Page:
Kids College has an interesting array of pets. Each was chosen having taken into account the benefits and risks to the pets and our children. Our menagerie of pets has been a rich source of learning for our children and offer ideal opportunities to practice empathy and care giving. We have such a strong social emotional program fostering children’s emotional intelligence and our pets offer our children the chance to practice these skills safely. We also use our pets to teach children about sustainability and that each of us are part of the global citizens.

Kids College has been home to crazy crabs, worms in our worm farm, fish, snails and our bearded dragon, Raa. We also have a number of fluffy toy animals which give children valuable lessons in looking after family pets and being how to be gentle.

We also welcome visiting pets. The hatching chicken eggs are always a favourite. Our children very much enjoy particularly fathers day at Kids College where we get cuddly animal farm to visit us. It is really wonderful to see the calming nature of these patient animal farm fluffies with our children and the daddies who visit us. If you have any children friendly pets at home let us know and we can see if it is appropriate to welcome them for a hello at Kids College. We also encourage you to send in photos of your pets for our children to enjoy.

Animals as the third teacher

Kids College provides our children with access to animals to help them learn about the life cycle and relationships, and improve communication. Contemporary thinkers put forward the notion of ‘animals as the fourth teacher’ building on the work of Malaguzzi in the town of Reggio Emilia. Malaguzzi’s ideology positions the parent as the child’s first teacher, the educator as the second and the environment as the third teacher, emphasising the crucial role they all play in supporting children’s learning.

Benefits of having all kinds of pets

Respect: Children learn that animals deserve to be treated with care and respect. Animals have limits just like people do and although they may enjoy interaction, sometimes they want space.  Understanding an animal’s boundaries and body language are important and that learned respect translates to respecting other people.

Empathy: Having a pet gives children the opportunity to become a caregiver. Children learn to respond to their pet’s needs and may witness their pet’s fear and anxiety in an unfamiliar place or around loud noises.  Recognizing a pet’s needs and comforting them helps children learn how to feel the way others feel, becoming more empathetic. Owning a fish tank is a stress reducer. Watching the fish swim peacefully through the water and the bubbles floating to the surface can really relax you.  If you have a child that’s rather emotional, this might be a nice place to sit them if they are feeling a little overwhelmed or overtired.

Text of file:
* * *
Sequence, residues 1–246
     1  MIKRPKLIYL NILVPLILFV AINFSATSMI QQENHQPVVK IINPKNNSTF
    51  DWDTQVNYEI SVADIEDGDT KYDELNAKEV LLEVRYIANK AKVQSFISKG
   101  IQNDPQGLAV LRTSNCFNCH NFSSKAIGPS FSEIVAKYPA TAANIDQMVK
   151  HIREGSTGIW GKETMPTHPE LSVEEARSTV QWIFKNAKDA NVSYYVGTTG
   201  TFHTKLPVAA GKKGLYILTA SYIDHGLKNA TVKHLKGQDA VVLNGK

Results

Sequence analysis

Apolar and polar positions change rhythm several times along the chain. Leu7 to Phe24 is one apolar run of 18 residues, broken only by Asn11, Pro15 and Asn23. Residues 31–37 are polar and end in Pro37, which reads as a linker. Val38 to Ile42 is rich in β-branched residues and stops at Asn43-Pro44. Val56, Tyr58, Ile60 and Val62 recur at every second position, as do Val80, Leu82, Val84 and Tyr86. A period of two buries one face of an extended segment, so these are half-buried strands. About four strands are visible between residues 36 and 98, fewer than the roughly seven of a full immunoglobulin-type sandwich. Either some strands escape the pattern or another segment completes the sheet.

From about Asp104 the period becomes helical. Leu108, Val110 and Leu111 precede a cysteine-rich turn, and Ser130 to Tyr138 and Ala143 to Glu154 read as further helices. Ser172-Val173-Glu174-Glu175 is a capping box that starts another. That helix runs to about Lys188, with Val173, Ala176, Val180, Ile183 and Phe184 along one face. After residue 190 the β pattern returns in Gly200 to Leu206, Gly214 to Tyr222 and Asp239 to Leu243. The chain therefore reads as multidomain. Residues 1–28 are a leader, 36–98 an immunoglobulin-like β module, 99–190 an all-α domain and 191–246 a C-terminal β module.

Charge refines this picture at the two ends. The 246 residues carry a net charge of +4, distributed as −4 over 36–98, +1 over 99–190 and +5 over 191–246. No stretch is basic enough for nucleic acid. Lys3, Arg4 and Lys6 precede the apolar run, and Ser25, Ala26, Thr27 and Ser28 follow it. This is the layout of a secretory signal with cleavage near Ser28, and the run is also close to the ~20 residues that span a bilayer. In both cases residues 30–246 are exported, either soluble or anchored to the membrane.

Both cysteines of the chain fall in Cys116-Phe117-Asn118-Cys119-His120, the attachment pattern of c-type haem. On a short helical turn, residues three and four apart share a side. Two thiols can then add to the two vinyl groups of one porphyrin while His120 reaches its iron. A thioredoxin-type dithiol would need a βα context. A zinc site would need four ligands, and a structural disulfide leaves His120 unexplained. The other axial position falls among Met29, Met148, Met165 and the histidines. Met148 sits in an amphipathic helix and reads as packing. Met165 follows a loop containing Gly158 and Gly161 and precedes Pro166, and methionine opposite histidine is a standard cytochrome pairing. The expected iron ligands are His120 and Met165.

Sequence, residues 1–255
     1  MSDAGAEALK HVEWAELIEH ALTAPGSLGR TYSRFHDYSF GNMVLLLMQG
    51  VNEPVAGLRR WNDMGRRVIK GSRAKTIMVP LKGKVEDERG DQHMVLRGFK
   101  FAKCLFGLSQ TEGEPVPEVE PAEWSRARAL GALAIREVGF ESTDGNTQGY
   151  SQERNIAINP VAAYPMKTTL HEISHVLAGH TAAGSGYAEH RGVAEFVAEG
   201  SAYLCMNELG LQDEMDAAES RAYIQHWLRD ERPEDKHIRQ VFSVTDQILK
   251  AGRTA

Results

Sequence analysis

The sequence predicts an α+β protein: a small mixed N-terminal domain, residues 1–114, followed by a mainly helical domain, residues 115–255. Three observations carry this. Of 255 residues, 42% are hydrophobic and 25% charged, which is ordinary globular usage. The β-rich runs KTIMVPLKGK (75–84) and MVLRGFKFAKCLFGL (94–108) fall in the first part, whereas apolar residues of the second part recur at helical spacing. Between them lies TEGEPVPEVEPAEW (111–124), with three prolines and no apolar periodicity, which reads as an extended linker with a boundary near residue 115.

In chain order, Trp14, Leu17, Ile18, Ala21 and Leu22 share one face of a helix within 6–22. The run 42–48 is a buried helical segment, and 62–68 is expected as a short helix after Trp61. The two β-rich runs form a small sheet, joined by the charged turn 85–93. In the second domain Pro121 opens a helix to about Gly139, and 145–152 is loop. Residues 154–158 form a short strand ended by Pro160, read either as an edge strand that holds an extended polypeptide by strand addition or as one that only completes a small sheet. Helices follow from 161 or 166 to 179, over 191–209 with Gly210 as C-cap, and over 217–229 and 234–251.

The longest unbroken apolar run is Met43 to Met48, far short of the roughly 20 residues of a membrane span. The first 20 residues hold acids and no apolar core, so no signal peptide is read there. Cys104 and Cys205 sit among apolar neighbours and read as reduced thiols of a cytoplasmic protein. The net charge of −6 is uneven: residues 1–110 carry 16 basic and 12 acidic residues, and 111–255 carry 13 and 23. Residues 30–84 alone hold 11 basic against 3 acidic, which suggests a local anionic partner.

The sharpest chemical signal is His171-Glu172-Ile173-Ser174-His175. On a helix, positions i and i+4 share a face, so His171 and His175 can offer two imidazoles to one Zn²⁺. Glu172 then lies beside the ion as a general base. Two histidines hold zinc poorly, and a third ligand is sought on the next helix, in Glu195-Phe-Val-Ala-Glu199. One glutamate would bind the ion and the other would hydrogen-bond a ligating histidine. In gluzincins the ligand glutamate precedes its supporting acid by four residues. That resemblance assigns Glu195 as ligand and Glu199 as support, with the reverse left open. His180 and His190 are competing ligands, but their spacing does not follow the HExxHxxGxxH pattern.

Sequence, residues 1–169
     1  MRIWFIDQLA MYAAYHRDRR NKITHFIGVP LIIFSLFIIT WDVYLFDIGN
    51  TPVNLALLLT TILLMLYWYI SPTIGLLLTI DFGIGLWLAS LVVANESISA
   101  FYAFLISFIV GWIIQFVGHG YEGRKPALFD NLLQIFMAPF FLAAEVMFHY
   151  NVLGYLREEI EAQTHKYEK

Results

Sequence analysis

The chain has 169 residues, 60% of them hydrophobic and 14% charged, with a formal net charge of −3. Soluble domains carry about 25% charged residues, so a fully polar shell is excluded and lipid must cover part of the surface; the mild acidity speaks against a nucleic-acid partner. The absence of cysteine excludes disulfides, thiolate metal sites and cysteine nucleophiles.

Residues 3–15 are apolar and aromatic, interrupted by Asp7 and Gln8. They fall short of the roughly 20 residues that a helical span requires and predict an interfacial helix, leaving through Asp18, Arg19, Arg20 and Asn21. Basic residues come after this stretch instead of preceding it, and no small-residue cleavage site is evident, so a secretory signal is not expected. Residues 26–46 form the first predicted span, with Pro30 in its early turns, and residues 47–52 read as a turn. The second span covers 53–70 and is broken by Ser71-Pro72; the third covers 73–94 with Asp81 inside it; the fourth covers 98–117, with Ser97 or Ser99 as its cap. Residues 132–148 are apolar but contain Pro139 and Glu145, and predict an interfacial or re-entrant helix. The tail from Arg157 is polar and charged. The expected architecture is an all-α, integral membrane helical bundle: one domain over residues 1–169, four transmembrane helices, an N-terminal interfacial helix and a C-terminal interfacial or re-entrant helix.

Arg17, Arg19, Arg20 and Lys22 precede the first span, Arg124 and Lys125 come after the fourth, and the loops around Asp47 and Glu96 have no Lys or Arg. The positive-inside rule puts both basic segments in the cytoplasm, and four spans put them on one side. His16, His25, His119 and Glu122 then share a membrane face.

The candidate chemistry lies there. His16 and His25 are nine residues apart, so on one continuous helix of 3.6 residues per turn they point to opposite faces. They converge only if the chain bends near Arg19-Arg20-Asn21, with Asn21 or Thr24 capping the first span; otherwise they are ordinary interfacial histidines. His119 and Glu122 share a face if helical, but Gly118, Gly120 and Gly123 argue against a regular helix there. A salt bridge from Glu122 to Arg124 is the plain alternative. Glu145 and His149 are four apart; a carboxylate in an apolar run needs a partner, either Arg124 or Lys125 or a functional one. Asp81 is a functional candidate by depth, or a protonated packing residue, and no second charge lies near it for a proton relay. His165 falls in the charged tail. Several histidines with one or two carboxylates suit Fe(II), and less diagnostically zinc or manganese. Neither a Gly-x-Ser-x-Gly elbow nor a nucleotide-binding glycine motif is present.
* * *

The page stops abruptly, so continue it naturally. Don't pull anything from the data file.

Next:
Responsibility: A child should never be solely responsible for a pet, as the responsibility of an animal’s wellbeing ultimately falls on the parents or other responsible adult, but by participating in the care of an animal a child learns good habits. They learn accountability and that they are depended upon by a living thing.  This also helps children develop a conscience.

Self-esteem: Pets are non-judgmental. Children know that no matter how bad of a day they are having, a pet is always there to “listen” and be a source of affection.

Overcoming Fears: Children who grow up with pets are generally less fearful of animals. They become familiar with animals and animal behaviour, which makes them less anxious about the unknown.  Additionally, children are less likely to believe myths about animals with less favourable reputations if they have spent time around them.

Circle of Life: As a pet’s health declines due to illness or old age, children learn that life is not infinite, but love and memories are. When a beloved pet passes away, a child learns that they can live through the grieving process and appreciate the life of their special family member.

Appreciation of Nature: Through pets, children gain insight into wild and domestic animals.  By observing their behaviour, children learn about animal instincts and intelligence.  There is so much to discover about wildlife, that children exposed to nature develop a sense of wonderment and appreciation for life on Earth.

Honouring a biological connection

Anyone who works with children knows that children are drawn to animals of all kinds. There is definitely something special about children’s interest in animals. Research shows that humans’ innate interest in animals is biological: we are drawn to species that are “other” than human and in many cases have an instinct to want to care for or nurture creatures that are small and vulnerable.

In 1984 E.O. Wilson, a biologist, introduced the idea of “biophilia”-that innate affinity we humans have for other living things. In recent years, many early educators have recognized this affinity in young children and have embraced a philosophy that includes lots of living natural materials in the classroom (such as plants and flowers), nature-based play areas with landscape features that include lots of vegetation, and providing plenty of outdoor time for children.